There is no doubt that in many African countries violent conflict represents a major political and social challenge. Despite their differing constellations, what these conflicts have in common is poor governance and its concomitant side-effects, ranging from corruption and oppression, challenged legitimacies to poor socio-economic participation: Favouring a spiral of violence and subsequent conflicts. At the same time, the nature of the conflicts is ever-changing. In addition to conflicts perceived as ethno-political, or disputes over power and resource distribution, one is confronted with transnational terrorist violence combined with organised crime, diminishing resources, and climate change: factors that collectively contribute to the weakening of governmental structures.
International Peace Support Operations (IPSO), including various forms of International Peace and Training Missions, are one of the most powerful international tools available for the maintenance of international peace and security. In a number of African countries, we have been witnessing the work of International Peace Support Operations with different mandates by various multilateral or multinational organisations, with varying contingent sizes and military and civilian components. In addition, the term IPSO also encompasses military train and equip programmes for national armies. There are currently IPSO in the Sudan, South Sudan, Somalia, the Central African Republic, the Democratic Republic of Congo, Mali, the Gambia, Guinea Bissau, Western Sahara and the Lake Chad Basin. EU Military Training missions are present in Somalia, the CAR, Mali, in the Sahel and Mozambique.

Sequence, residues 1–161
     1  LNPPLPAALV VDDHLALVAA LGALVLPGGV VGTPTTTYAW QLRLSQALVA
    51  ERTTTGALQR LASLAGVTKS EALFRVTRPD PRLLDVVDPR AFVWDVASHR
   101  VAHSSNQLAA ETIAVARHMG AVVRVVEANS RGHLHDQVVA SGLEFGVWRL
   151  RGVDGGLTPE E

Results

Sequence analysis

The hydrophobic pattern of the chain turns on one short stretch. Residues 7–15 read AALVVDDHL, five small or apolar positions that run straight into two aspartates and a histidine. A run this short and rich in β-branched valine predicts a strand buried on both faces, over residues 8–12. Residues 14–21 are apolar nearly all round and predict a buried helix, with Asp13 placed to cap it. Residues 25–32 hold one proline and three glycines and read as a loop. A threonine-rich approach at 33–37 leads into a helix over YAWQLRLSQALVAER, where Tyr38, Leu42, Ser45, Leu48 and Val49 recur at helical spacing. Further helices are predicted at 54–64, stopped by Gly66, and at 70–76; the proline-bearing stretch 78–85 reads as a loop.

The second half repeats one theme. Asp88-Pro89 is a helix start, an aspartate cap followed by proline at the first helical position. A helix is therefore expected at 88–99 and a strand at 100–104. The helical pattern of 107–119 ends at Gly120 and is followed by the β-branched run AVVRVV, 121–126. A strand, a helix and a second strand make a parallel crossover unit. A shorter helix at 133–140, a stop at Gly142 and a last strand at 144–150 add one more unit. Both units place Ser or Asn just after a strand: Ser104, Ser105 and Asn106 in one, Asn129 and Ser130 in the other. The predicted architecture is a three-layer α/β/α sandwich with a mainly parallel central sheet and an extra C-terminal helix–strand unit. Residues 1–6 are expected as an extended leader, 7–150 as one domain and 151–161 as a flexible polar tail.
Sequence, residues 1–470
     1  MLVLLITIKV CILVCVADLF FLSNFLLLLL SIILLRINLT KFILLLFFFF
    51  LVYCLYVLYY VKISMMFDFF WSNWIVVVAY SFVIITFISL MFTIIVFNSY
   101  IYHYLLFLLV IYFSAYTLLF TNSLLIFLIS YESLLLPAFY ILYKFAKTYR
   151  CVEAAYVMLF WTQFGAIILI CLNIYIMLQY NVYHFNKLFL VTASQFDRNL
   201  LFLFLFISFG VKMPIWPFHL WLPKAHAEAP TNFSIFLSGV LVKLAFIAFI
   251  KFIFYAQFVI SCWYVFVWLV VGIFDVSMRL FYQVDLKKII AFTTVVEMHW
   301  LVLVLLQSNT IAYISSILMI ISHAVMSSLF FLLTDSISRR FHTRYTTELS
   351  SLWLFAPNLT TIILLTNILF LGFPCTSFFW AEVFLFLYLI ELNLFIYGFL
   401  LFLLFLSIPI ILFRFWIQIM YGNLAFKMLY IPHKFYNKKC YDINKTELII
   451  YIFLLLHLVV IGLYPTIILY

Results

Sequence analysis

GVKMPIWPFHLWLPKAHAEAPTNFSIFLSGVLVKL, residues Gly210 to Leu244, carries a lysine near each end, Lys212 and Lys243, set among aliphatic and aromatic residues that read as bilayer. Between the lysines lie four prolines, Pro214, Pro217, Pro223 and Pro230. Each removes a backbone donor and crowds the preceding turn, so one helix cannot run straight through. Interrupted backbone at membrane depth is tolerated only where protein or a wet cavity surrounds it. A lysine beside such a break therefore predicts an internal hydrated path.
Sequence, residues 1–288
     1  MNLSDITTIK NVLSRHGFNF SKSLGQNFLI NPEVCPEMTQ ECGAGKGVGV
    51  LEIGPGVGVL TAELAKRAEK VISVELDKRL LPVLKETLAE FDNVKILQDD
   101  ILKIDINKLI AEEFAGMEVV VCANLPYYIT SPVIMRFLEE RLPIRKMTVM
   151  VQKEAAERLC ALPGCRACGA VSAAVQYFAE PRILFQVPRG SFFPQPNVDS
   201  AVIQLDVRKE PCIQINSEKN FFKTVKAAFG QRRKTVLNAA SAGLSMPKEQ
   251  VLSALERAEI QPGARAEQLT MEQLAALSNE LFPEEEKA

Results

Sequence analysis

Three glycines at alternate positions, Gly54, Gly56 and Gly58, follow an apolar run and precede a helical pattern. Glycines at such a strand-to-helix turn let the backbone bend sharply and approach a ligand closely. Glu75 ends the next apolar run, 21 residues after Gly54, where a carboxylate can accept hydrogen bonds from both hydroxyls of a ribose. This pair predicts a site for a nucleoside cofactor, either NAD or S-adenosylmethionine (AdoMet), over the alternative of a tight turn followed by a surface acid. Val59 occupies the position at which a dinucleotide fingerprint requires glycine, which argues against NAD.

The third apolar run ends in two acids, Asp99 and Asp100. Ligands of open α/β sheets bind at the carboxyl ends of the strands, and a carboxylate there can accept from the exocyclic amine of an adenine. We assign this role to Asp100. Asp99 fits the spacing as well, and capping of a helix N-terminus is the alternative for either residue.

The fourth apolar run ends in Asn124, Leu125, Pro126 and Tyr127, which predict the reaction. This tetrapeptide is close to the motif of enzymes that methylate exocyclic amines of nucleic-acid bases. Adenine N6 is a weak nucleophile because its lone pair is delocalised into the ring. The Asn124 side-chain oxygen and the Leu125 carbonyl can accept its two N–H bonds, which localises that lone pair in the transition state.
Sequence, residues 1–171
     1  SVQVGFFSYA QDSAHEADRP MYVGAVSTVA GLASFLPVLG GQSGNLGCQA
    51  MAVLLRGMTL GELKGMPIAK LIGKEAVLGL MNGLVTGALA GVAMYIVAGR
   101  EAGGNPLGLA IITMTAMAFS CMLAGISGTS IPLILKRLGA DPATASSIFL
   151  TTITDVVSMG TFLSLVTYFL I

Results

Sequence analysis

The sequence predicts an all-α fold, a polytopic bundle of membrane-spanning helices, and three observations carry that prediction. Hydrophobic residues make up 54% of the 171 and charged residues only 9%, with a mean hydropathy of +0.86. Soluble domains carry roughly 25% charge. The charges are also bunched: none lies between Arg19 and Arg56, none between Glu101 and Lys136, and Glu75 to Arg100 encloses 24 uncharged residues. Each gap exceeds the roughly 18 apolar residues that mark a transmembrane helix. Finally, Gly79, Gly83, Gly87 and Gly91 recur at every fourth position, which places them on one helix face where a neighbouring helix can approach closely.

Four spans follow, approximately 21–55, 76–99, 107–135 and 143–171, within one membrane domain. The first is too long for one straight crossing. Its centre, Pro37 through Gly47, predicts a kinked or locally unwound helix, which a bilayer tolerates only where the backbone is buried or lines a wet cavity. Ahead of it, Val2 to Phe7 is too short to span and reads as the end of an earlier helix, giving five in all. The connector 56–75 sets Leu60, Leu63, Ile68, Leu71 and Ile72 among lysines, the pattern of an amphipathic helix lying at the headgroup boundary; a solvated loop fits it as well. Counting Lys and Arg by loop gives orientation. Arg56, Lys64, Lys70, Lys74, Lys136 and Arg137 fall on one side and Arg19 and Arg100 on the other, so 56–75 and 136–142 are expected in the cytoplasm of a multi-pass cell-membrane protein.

Nonetheless, after the unexpected rapid takeover of Afghanistan by the Taliban and at a time when rule-based multilateralism is increasingly contested in light of the Russian invasion of Ukraine, there has been a heated debate about the prospects for success and failure and ultimately the general purpose and impact of international military engagement.
Building on results of the first project-phase, with its focus on the African Peace and Security Architecture, the second cycle of „Futures of collective Security in Africa?” centers.
National perspectives and societal experiences with IPSO shall inform policy advice. The objective: Generalized recommendations for a people-centered adaption of IPSO that enhance the chances of political and civilian led political settlements and ultimately contribute to collective security.
Therefore, the FES engages its network of experts and policy makers to develop joint perspectives on the future of IPSO in Africa. Dialogue processes on country as well as regional level, involving civil society organizations, experts, policy makers but also feminists and representatives of marginalized groups, discuss expectations and contributions to the improvement of human security and ultimately peaceful political settlements. Special attention is given to a gender sensitive approach. It will be streamlined into all processes and outputs with the clear aim to promote gender justice.
Working through the FES partner network and our country offices, platforms are provided to deliberate on the impact and progress of respective IPSOs and to amplify the voice of civil society. On a continental level, local expertise is being connected with international debates on collective security and peacekeeping doctrines. Continental workshops aggregate, compare and debate local insights to formulate policy recommendations. These recommendations are then being shared on national and regional levels, in close cooperation with FES offices in Berlin, Addis Ababa (AU) as well as Brussels (EU) and New York (UN).
Point E, Rue de Fatick x Boulevard de l'Est,
Residence Bity Lokho, 6th floor
B.P. 15 416
Dakar - Fann